The right to be forgotten became a household concept when GDPR entered into force (already being a right following art. 8 of the ECHR, the right to a private life). Simplified (as I am sure you already know) it entails a right to have personal data – whether it is discrediting/sensitive, or just general information – removed from e.g. search engines (and other information carrying entities as well for that matter).
So what of the actual reach of this right to erase information about yourself on the internet today? The right to be forgotten is not absolute. Two key limits to the right is the whereabouts of the person (IP address of the person searching) & the interpretation of “legitimate interest”.
Let´s start with the legitimate interest – the quick and dirty:
Importantly, there is no obligation to erase data if there is “legitimate interest” for continued processing. (Also, data can be kept with consent of the subject – but since we are talking about the right to be forgotten, this is not particularly relevant…) This includes that the right to be forgotten does not apply when a nation disapplies GDPR to uphold freedom of speech – including for ensuring a free press. But what does this mean in practice – when do we, as subjects, not have a right to have information about us erased? Where that boundary goes will be determined on a principle-by-principle and case-by-case basis, to be better defined with time and experience.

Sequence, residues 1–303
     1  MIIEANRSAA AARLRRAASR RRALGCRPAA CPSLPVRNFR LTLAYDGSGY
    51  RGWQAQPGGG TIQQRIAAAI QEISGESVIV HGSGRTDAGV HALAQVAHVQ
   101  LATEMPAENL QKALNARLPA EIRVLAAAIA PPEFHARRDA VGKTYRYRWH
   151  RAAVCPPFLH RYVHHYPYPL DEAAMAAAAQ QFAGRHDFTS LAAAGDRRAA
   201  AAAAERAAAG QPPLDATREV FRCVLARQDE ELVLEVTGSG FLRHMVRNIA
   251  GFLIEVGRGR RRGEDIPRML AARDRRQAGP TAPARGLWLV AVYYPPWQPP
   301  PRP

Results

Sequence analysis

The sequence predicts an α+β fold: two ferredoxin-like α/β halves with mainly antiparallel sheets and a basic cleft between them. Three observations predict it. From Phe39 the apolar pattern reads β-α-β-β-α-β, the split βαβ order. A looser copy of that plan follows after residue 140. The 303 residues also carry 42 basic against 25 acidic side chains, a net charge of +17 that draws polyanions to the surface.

A sore example is the database Mr Koll in Sweden, where you easily can find information such as whether somebody has been party to criminal proceedings. The information is collected from public sources (which in Sweden are, due to strong principles of transparency, very far-reaching in their nature), and can therefore be protected through having a “utgivarbevis” – meaning that you cannot have your data erased. One thing that makes this problematic is the way in which the information is presented – what can effectively be a summary of (unfounded) allegations is packaged in a way that encourages browsing and general nosiness. Importantly – the information is not only open for everybody – it is very-very easy to access (just a few taps on your computer). The amount of personal integrity offered here is hence little-to-none in many people’s eyes.
There has always been a struggle between the right to information, right to freedom of speech and the right to privacy. Having intimate or not-so-positive information easily accessible for anyone to find (and in many cases without relevant context) can have severe consequences. It can mean that every time you apply for a job you get declined by default. It can mean that your kids will not get invited to parties. It can mean that you can’t rent an apartment. Hurting you – and if this means that some people are shut out of society it will also risk hurting society as a whole (for instance if you feel labeled a criminal regardless of whether you have already served you time or if you in fact where freed of all charges you might, in particular if you are young, turn to a criminal lifestyle or suffer from bad mental health).
Personally, I am against the existence of sites like Mr Koll where potentially sensitive private information is within reach for anybody at a tap with their fingers. The right to be forgotten should in this case be enforced since I cannot see the legitimate interest in this general public disclosure of e.g. the number of stairs to my door – and what door on that floor that is my door. Give me some privacy please!
For more information on these topics, please visit the Swedish Data Inspection; www.datainspektionen.se